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From Latin exaggeratus, past participle of exaggerare (to heap up, increase, enlarge, magnify, amplify, exaggerate), from ex (out, up) + aggerare (to heap up), from agger (a pile, heap, mound, dike, mole, pier, etc.), from aggerere, adgerere (to bring together), from ad (to, toward) +‎ gerere (to carry).


  • IPA(key): /ɛɡˈzæ.d͡ʒə.ɹeɪt/, /ɪɡˈzæ.d͡ʒə.ɹeɪt/
  • (file)
  • Hyphenation: ex‧ag‧ger‧ate


exaggerate (third-person singular simple present exaggerates, present participle exaggerating, simple past and past participle exaggerated)

  1. To overstate, to describe more than is fact.
    Synonyms: big up, overexaggerate, overstate, hyperbolize
    Antonyms: belittle, downplay, understate, trivialize
    I've told you a billion times not to exaggerate!
    He said he’d slept with hundreds of girls, but I know he’s exaggerating. The real number is about ten.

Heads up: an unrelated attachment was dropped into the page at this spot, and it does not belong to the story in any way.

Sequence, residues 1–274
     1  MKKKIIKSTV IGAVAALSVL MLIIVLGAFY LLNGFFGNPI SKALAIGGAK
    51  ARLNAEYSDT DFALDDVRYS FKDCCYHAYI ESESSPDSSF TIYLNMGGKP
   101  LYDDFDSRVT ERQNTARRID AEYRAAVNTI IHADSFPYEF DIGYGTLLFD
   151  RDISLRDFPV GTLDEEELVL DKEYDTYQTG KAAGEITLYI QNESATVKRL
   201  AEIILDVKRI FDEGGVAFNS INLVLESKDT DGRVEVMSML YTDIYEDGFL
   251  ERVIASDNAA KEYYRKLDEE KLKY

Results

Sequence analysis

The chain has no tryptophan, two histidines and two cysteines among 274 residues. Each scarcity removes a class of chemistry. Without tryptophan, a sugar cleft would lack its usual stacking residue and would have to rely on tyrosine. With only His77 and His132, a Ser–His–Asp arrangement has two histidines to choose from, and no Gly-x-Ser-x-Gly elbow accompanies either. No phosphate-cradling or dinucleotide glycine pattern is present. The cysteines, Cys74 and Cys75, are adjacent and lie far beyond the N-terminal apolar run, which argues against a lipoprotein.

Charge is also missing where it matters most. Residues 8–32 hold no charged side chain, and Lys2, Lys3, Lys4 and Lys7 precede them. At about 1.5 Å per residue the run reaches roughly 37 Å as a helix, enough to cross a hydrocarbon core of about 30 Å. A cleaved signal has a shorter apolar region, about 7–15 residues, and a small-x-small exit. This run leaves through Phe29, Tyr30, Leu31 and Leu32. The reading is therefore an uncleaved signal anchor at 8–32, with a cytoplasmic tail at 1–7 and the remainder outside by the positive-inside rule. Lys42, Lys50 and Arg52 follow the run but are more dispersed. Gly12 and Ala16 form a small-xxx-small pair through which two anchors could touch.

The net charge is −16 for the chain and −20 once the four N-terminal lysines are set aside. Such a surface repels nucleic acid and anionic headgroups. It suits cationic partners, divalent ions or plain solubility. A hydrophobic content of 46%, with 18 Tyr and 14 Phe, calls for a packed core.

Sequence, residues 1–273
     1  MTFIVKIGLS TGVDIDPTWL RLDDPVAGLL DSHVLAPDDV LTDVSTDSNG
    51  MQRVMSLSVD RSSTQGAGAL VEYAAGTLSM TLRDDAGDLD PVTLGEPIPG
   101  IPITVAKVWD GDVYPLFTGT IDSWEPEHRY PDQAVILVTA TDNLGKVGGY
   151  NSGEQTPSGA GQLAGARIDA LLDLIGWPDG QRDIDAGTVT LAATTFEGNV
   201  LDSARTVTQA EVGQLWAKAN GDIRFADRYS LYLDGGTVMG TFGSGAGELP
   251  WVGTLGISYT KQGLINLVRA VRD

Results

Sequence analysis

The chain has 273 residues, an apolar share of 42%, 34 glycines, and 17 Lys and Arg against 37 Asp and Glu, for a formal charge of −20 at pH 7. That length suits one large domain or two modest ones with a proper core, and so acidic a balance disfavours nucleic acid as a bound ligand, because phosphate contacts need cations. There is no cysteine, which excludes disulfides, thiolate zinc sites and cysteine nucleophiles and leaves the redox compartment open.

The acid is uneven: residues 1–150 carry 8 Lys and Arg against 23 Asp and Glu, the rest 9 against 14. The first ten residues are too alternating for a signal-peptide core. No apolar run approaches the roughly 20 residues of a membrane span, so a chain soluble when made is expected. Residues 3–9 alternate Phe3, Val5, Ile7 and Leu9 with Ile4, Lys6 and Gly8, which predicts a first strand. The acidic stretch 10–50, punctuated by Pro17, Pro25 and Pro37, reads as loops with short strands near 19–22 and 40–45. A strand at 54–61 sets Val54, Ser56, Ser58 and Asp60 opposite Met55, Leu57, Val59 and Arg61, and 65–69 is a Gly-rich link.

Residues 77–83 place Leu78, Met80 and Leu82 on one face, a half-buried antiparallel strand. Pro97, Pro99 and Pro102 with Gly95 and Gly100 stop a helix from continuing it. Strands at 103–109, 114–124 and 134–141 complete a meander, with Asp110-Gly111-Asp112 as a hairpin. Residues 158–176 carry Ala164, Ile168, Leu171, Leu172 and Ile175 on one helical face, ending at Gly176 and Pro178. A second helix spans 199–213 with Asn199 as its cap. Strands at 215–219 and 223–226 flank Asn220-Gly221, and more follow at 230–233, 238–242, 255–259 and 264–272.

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exaggerate (comparative more exaggerate, superlative most exaggerate)

  1. Exaggerative; overblown.
    • 1901, Valentin Matcas, The Human Addictions:
      And in general, if it is a natural feeling, let it be, but at normal, living levels, not too exaggerate.
    • 2005, Daniel Marin, Megator, page 4:
      Water was invading, like some loving arms, some protecting wings, but its love and care were too exaggerate, they were deadly.
    • 2012, Joy Damousi, Mariano Ben Plotkin, Psychoanalysis and Politics, page 202:
      You will leave [the camp] and when confronted to the smallest inconvenience you will have again these reactions that, for me, are very exaggerate.
    • 2012, Yair Goldreich, The Climate of Israel: Observation, Research and Application, page 132:
      From this comparison, it seems that the data in Table 7.7 are reasonable, while Ashbel's values are exaggerate.

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  1. second-person plural present active imperative of exaggerō